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Deploying an arsenal of business intelligence (BI) reporting tools and other BI software products may do little for a company unless it has a solid and well grounded BI strategy supporting its BI tools and platforms. The problem is that a lot of businesses lack formal BI strategies and may even see the term BI strategy as an oxymoron, according to Jill Dyche, a partner and co-founder of Baseline Consulting and an expert on BI and data management technologies. To help you get started on building a BI strategy or upgrading an existing one, SearchBusinessAnalytics.com spoke with Dyche at the recent TDWI World Conference and BI Executive Summit in Las Vegas about the process of creating a strategic plan for deploying and managing BI systems.
In this four-minute video interview, viewers will get Dyche’s take on whether BI strategies are still in the developmental stages at most organizations, learn about business intelligence competency centers and find out whether setting up a BICC should be the first step in creating a successful BI plan. Viewers will also get tips and best-practices advice from Dyche on how to shift their BI strategy development process into high gear. Be sure to also watch part two of this interview, in which Dyche talks about the BI portfolio approach to prioritizing the deployment of BI applications and how businesses can benefit from it.
Table of Contents:
• Building a business intelligence (BI) strategy
• Understanding the business intelligence (BI) portfolio approach
Read the full text transcript from this video below. Please note the full transcript is for reference only and may include limited inaccuracies. To suggest a transcript correction, contact firstname.lastname@example.org.
Building a business intelligence (BI) strategy
Craig Stedman: Hello. This is Craig Stedman from TechTarget's Enterprise
Applications Media Group. I am at the TDWI World Conference, in Las
Vegas, and I am speaking today with Jill Dyche about building a
business intelligence strategy. Jill is a partner and co-founder of
Baseline Consulting, a consulting firm that focuses on BI, master data
management, data integration, and other data management technologies
and processes. Thank you for speaking with us today, Jill.
Jill Dyche: Absolutely. It is great to be back Craig.
Craig Stedman: Are the BI strategies at most companies still in the development stages?
Jill Dyche: A lot of our clients still actually see BI strategy as being an
oxymoron. It was really interesting this morning, if you noticed,
because it is an executive summit, but yet a lot of people raised
their hand when it came to having to deploy reports in an ad-hoc way
to people, upon request. The fact that a lot of this is post-facto
analysis and reporting means that there really is not a BI strategy. I
guess what the BI strategy means deploying reports on request to users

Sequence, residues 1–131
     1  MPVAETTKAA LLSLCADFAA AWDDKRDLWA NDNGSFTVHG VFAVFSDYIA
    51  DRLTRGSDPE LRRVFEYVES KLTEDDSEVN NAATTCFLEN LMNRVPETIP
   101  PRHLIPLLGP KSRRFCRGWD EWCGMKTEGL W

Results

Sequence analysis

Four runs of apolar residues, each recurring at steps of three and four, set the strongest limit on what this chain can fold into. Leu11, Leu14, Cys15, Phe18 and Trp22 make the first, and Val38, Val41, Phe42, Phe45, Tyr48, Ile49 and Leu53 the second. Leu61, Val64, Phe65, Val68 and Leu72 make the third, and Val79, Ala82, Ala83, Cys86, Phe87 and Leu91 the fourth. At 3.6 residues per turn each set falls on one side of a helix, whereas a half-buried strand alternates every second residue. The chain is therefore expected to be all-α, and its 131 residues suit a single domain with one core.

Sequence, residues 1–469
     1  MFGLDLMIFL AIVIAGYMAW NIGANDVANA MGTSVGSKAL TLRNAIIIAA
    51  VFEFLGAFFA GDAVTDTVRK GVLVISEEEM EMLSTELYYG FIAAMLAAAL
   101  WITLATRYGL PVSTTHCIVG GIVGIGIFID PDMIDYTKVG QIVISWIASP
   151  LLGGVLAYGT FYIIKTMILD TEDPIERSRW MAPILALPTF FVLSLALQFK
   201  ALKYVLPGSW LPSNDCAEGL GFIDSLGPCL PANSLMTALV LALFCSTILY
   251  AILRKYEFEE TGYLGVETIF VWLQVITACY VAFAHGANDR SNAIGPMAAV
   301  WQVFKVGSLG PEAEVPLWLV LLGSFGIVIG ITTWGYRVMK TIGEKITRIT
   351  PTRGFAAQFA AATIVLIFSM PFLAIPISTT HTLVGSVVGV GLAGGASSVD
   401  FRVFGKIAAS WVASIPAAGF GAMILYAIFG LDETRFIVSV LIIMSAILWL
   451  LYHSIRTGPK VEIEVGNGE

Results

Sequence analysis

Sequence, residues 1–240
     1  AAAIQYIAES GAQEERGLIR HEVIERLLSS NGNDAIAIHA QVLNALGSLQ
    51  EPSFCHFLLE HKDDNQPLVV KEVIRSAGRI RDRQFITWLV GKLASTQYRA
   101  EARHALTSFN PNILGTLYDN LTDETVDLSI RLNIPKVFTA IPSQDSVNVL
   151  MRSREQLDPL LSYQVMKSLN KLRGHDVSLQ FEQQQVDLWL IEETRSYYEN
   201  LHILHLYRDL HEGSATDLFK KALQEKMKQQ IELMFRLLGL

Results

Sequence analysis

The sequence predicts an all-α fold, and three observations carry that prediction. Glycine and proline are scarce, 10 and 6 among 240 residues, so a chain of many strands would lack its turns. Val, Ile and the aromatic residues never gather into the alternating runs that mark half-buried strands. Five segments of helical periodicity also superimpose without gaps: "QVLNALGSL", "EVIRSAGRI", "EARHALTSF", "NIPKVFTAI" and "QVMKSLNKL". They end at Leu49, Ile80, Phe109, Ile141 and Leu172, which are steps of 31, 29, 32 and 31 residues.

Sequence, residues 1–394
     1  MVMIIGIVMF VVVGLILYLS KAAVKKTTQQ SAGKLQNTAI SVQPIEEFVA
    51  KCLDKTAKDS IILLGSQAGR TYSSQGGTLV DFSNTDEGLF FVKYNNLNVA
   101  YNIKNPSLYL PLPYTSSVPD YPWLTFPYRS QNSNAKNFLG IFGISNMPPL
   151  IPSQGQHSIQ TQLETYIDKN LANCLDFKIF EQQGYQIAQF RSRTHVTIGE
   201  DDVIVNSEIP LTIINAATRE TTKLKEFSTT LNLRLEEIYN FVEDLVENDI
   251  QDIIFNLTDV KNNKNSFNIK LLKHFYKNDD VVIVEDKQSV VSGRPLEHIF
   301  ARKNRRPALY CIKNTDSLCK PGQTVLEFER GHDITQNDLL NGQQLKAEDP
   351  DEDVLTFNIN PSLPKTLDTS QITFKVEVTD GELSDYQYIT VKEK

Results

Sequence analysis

who are asking for information is OK, but what we really want to do is
deploy business capabilities incrementally to a cross-section of
people, to a cross-section of business processes with a cross-section
of data over time. That is really the true advantage of enterprise BI, and
it is really the true advantage of enterprise data warehousing as
well; that is the goal that a lot of people foresee, it is just not,
to your point, most people are not there yet.
Craig Stedman: Is setting up a BI competency center the first step to creating a BI strategy?
Jill Dyche: No. We tell our clients, 'Do not start a competency center, as splashy as
that sounds.' I had a client actually say, 'We need to start a
competency center so we can get attention back on the business side,
so we can get on people's radar, so let us hang the BI competency
center.' What we say is, 'Deploy the first application, earn the right
to have a competency center, deploy some value, then hang the shingle if you
want. It really should not be the first step.' In fact, what we found
with our clients is if you deploy a BI competency center and you are
too early, you may not get a second shot. Be really careful about the
timing of your competency center.
Craig Stedman: What should you do to get started on a BI strategy, then?
Jill Dyche: There is a couple of different things, and a lot of it depends on
where you are today. There are a lot of pretty mature data warehouses
environments that are, they just need to resuscitate themselves a
little bit, they need to get back on the business' radar, and they
need to actually start to proselytize what they have been doing. In
order to do that, sometimes we need to do is some discovery work and
some inventory work; what have we done so far? What data do we have?
What reports have we deployed? What applications do we have, and how
do we propel some of those things forward and build some new things?
What we are finding is sometimes there is a wholesale revamp of the
data warehouse strategy, and companies are really starting from
scratch. In those particular scenarios, we do recommend starting with
a BI portfolio approach, where you are actually identifying and
encapsulating a set of applications that are enabled by information
that you can actually deploy to the business, that the business is
involved in defining, along with IT. That is a great approach because
it fosters collaboration around BI, which does not necessarily happen,
even in BI organizations that are super mature.